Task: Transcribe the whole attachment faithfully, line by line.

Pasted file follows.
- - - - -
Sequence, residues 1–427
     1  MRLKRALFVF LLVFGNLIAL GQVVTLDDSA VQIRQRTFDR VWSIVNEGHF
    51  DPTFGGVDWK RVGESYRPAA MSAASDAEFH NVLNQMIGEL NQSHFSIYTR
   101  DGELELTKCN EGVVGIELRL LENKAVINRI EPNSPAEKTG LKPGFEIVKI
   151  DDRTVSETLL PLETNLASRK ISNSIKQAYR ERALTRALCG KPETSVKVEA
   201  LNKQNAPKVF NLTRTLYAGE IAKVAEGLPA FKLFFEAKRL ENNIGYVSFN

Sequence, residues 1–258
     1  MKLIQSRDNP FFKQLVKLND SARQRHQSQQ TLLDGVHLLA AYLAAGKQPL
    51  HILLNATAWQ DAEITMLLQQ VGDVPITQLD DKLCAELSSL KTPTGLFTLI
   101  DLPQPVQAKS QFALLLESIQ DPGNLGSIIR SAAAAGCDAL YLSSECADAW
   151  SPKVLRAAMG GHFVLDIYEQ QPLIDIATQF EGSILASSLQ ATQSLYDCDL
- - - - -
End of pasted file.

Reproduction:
Sequence, residues 1–427
     1  MRLKRALFVF LLVFGNLIAL GQVVTLDDSA VQIRQRTFDR VWSIVNEGHF
    51  DPTFGGVDWK RVGESYRPAA MSAASDAEFH NVLNQMIGEL NQSHFSIYTR
   101  DGELELTKCN EGVVGIELRL LENKAVINRI EPNSPAEKTG LKPGFEIVKI
   151  DDRTVSETLL PLETNLASRK ISNSIKQAYR ERALTRALCG KPETSVKVEA
   201  LNKQNAPKVF NLTRTLYAGE IAKVAEGLPA FKLFFEAKRL ENNIGYVSFN

Sequence, residues 1–258
     1  MKLIQSRDNP FFKQLVKLND SARQRHQSQQ TLLDGVHLLA AYLAAGKQPL
    51  HILLNATAWQ DAEITMLLQQ VGDVPITQLD DKLCAELSSL KTPTGLFTLI
   101  DLPQPVQAKS QFALLLESIQ DPGNLGSIIR SAAAAGCDAL YLSSECADAW
   151  SPKVLRAAMG GHFVLDIYEQ QPLIDIATQF EGSILASSLQ ATQSLYDCDL